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We spent exactly a month in Namibia, entered on 18th July left on 18th August. We spent our first night in Rundu with a nice view across into Angola. The roads were very straight and the scenery was very monotonous but we continued onwards to Grootfontain where we went to see the largest known meteorite in the world. Nicely preserved by Rossing mines for all to see. From Grootfontain we headed up to Etosha National Park. There we had an amazing time watching the animals. They have lots of waterholes that the animals come to, so if you sit then generally things arrive. We did that just before sunset and a white rhino came out to drink, accompanied by a thirsty giraffe.

We spent the evening watching the floodlit waterhole at the campsite and along came two black rhinos and two lionesses. The next day we saw lots of elephants, oryx, zebras and much more, two wonderful days.


From Etosha we headed south to Windhoek, via Gross Barmen hot springs. In Windhoek we met John, of Roverland Namibia, who bought a scrapped 101 so we could have two new front springs, ours were quite saggy again, and two rear shock absorbers, ours were leaking. He’d been thinking about getting the 101 to break up for parts anyway, it wasn’t just for us.

Photo 2554 Icicles
We also met up with Anita and Stephan of the Namibian climbing club and they took us to Harmony crag to climb amongst the icicles, a very rare occurrence in Namibia we were assured.

After Windhoek we went west to Spitzkoppe, an amazing place. Great for climbing and lots of bits have been bolted, which is almost essential since the granite has few cracks for natural gear. We did some climbing on the boulders near the base, we could have belayed from Nelly if we’d wanted. Next day we climbed up a long section of Pontok Spitz but didn’t quite get to the top.

Photo 2590Spitzkoppe

The walk in was quite tortuous and we didn’t fancy ending up having to do it in the dark so we retreated early. The climb was most memorable for its chimney, one of the first I’ve climbed that has not been damp and slimy. Anyone going to this area of Namibia should definitely make a detour here.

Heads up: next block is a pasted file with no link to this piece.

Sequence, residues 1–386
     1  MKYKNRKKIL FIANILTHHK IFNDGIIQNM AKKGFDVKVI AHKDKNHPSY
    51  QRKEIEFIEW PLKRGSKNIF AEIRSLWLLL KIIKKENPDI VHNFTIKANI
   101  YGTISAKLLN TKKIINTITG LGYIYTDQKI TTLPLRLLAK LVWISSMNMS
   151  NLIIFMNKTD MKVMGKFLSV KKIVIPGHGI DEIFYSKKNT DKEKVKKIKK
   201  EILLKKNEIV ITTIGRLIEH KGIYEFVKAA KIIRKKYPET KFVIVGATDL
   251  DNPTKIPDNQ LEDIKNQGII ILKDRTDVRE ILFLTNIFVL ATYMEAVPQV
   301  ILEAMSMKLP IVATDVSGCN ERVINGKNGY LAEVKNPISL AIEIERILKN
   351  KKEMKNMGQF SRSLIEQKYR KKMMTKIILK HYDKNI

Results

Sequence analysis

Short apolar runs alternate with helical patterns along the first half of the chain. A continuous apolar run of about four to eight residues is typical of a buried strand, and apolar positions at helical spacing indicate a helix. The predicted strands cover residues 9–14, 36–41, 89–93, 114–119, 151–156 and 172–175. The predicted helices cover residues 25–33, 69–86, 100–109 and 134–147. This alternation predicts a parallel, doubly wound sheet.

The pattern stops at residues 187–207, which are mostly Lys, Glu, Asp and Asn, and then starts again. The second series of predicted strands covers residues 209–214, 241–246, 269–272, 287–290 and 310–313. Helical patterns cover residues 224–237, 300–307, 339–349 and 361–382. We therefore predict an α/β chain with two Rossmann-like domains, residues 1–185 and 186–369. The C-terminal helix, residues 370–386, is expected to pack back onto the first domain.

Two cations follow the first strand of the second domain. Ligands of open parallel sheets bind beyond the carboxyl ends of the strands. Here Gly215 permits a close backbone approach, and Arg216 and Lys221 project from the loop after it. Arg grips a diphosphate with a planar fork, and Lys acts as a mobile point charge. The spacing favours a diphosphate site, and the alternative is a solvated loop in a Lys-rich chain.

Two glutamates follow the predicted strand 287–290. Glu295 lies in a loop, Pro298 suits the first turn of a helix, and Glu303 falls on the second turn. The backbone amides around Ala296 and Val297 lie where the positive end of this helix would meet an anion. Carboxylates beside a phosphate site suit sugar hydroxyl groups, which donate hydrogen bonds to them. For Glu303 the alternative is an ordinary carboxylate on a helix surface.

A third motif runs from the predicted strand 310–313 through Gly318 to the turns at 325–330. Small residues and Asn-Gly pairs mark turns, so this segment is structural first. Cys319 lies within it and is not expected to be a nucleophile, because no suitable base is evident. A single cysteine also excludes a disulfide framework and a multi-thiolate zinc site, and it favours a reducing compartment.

After Spitzkoppe we went to Messum Crater, home to the welwitchia plants. Here were some of the worst corrugations we have met. They shook us so much that we had to laugh, unfortunately the spare wheel holder was not happy with them at all and broke off.

Photo 2622 Broken Spare Wheel holder

We escaped the barrenness of Messum crater by driving to the Atlantic Ocean. After another very corrugated road and another puncture we arrived at Mile 108 Campsite. It was blowing a gale, not the typical tropical beach at all.



photo 2621 Messam Crater

After a rocky night we drove up to see a shipwreck on the Skeleton coast before driving south.
Photo 2640 Shipwreck
First stop was to see the seal colony at Cape Cross, lots and lots of seals and they sounded just like a flock of sheep.
Photo 2647 seals
In Swakopmund we went in a beach buggy in the sand dunes, a very fun morning’s drive. The best thing about the buggies is that when they get stuck you just lift them up and out of it.
Photo 2657  

Next stop was Walvis Bay and some maintenance work. Nelly was backfiring and it was getting worse. The silencer was broken but instead of a new silencer we decided on a whole new stainless steel exhaust.
With the backfiring cured we moved inland to the famous sand dunes at Sossusvlei. We had more problems with Nelly on the way out of Walvis Bay though. She overheated like mad. We traced the problem to a radiator full of salt, dust, sand and numerous other things and the berg wind, it was 40 degrees C outside and the wind was even hotter. In Solitaire we used the air line at the garage to blow out the radiator and problem solved.
We got up in time to see the sunrise from the sand dunes but the fog had come in. We walked up the dunes in the fog and waited for the fog to lift.
Once the fog lifted we had spectacular views of dunes all around us. After lunch we drove on to Helmeringhausen for another windy night. The roads were all gravel, well maintained, and, every so often we crossed a cattle grid and had to remember how to go round bends.
photo 2726
Next day we rejoined tarmac, we left it just outside Walvis Bay, and reached Luderitz. We spent the afternoon at the seaside, a bit of bouldering on the granite outcrops and lots of kite flying in the sunshine. Next morning we went to visit the ghost mining town at Kolmanskop. It was interesting to see how the dunes have moved around and into the houses.

Photo 2818 House in the sand


From there we moved eastwards to Keetmanshoop to see the giant’s Playground, the road was tarmac this time but not very interesting, still not much traffic or many bends, lots of uphill and no overheating. We had hoped that there may be some climbing but there wasn’t. After a very calm night, the first for ages, we moved on south again to Fish River Canyon. This is the second biggest gorge in Africa, after the Blue Nile Gorge in Ethiopia but much smaller and much less impressive. We visited another hot springs, at Ai-Ais, beautifully warm and relaxing.

Next day we moved southwards and left Namibia. The main impression of Namibia is one of space. We drove for days and days on very straight roads, through no towns or villages. The ground is very, very dry and most of the countryside looked barren, unfertile and dry.

The statistics explain it very well, Namibia is about four times the size of the UK and has 1.8million people.



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